Canadian Parents for French (CPF) - Save the Date!

Our first virtual CPF meeting of the year is scheduled for October 4 in the evening! More details to follow!


Guide to Reporting Student Achievement

Do you have questions about how students are assessed? Would you like to know more about how marks and grades are determined as well as what we do when summative assessments are missing or incomplete? 

To learn more about these topics, please read our 2021-2022 Guide to Reporting Student Achievement. All specific dates for report cards, student-parent-teacher conferences and student demonstrations of learning will be posted on our website in our school calendar!


We are happy to welcome volunteers back in our school this year! We know that parents and guardians are our partners and the work you do by volunteering in classrooms and other events like field trips makes our school a better place! We know it takes a village to raise a child, and we are happy to have more villagers helping out!

Elk Island Public Schools has a few requirements in place for those who are choosing to volunteer at school. First of all, volunteers will need to have a purpose for being at the school such as being a classroom helper in kindergarten or being a supervisor for a field trip. Before volunteering, we ask that you fill out the EIPS Volunteer Confidentiality agreement to understand the parameters for your time at our school. You can print off a copy of this form by clicking here.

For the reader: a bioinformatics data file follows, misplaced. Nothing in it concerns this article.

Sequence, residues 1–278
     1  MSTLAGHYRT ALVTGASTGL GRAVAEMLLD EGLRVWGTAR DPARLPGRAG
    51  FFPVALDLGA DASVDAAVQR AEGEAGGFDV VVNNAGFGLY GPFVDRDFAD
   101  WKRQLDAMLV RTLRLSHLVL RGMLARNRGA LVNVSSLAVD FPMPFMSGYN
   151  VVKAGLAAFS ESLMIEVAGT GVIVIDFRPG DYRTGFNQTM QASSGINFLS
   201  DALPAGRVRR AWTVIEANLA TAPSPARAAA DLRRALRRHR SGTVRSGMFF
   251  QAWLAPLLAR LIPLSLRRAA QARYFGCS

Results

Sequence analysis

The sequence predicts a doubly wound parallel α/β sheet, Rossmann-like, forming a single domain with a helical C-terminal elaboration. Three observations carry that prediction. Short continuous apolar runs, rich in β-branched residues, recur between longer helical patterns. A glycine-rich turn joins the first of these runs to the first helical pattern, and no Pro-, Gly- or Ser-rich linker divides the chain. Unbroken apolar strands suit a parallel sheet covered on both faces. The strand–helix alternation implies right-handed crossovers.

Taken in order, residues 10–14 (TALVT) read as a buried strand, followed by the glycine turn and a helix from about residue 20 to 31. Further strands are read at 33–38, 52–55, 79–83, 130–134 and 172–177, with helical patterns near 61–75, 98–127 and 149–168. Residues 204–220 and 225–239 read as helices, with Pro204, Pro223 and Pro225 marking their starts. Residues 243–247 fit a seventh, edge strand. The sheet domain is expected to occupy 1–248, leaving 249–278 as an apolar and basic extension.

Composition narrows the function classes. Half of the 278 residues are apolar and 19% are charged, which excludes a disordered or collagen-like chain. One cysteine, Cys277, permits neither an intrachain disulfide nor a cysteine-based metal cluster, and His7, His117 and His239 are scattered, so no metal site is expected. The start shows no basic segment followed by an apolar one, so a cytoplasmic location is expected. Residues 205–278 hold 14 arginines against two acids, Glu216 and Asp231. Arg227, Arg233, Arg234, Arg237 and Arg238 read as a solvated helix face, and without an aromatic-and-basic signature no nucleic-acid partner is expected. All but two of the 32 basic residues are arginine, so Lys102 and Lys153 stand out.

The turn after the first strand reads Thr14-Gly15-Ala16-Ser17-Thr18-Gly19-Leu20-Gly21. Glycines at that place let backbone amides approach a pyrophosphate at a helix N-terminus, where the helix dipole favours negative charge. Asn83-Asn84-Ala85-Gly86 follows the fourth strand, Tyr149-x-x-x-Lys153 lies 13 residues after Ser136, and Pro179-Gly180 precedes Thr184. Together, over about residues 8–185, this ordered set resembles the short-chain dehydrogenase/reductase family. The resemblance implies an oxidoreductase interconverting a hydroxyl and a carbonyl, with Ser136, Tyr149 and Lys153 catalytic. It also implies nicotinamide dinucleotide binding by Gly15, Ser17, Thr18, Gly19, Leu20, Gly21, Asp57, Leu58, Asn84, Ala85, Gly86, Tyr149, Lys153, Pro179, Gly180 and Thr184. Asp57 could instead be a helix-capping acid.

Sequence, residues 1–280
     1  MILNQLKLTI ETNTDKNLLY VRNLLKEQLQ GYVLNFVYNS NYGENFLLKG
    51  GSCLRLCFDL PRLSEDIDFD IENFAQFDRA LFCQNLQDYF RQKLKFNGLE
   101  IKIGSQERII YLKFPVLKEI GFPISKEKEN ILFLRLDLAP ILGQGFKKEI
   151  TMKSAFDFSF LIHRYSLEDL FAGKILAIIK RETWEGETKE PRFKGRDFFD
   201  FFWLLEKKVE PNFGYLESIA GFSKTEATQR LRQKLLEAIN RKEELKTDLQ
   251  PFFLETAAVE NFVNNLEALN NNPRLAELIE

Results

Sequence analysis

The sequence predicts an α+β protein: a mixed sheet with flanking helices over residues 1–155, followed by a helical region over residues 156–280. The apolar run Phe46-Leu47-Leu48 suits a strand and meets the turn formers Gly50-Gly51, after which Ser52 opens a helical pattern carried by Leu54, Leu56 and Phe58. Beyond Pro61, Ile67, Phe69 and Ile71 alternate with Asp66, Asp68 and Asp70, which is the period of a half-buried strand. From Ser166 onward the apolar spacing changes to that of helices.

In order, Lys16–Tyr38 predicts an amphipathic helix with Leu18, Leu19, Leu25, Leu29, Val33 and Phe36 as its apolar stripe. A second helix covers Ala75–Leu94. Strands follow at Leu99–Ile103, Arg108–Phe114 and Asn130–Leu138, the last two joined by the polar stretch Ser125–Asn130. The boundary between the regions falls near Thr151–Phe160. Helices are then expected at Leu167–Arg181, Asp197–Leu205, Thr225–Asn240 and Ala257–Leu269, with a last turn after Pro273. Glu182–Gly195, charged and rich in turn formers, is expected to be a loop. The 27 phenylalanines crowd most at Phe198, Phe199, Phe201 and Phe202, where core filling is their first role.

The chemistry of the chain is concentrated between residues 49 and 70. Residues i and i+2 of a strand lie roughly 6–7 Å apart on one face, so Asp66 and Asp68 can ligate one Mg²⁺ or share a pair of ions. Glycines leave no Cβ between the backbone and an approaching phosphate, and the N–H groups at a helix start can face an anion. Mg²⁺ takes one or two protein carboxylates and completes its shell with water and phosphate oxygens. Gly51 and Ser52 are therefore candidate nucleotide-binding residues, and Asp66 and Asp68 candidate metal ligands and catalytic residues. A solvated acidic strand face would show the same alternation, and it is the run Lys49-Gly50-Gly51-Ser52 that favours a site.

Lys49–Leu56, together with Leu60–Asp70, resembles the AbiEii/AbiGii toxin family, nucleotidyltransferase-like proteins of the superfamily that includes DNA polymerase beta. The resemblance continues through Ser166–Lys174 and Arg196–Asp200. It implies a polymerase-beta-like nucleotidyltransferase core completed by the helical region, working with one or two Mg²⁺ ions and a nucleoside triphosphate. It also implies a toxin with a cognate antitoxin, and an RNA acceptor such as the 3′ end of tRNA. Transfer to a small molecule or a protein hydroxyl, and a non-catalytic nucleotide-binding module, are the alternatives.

Finally, before your volunteer date, you will need to show Mme Hewitt proof of vaccination or a recent negative COVID-19 test. Simply drop by the office and show Mme Hewitt your paperwork from the AHS site or pharmacy that provided the vaccination or a printed copy or online vaccination record from the Myhealth app or website. You are then good to go! If you have further questions about this topic, please contact Mme Hewitt.

Parents Make the Difference

Each month we will include some articles with some great tips and strategies for parents. Here is this month's featured article:

Are you teaching your child how to be resilient?

All children face obstacles. Encouraging resilience helps kids overcome them. Resilient students deal with challenges in positive ways—at home and in school.

Answer yes or no to the questions below to see if you are helping your child develop resilience:

  1. Do you give your child plenty of opportunities to make decisions? It’s a skill that improves with practice.
  2. Do you listen to your child when he is trying to make a decision without solving the problem for him?
  3. Do you talk to your child about how you find a solution when you are faced with a problem? 
  4. Do you discuss your child’s strengths and encourage him to draw on those strengths when he’s facing challenges?
  5. Do you remind your child how he has successfully handled tough situations in the past?

How well are you doing?

Mostly yes answers mean you are helping your child become more resilient. For no answers, try those ideas from the quiz.

Reprinted with permission from the September 2021 issue of Parents make the difference!®  (Elementary School Edition) newsletter. Copyright © 2021 The Parent Institute®, a division of PaperClip Media, Inc.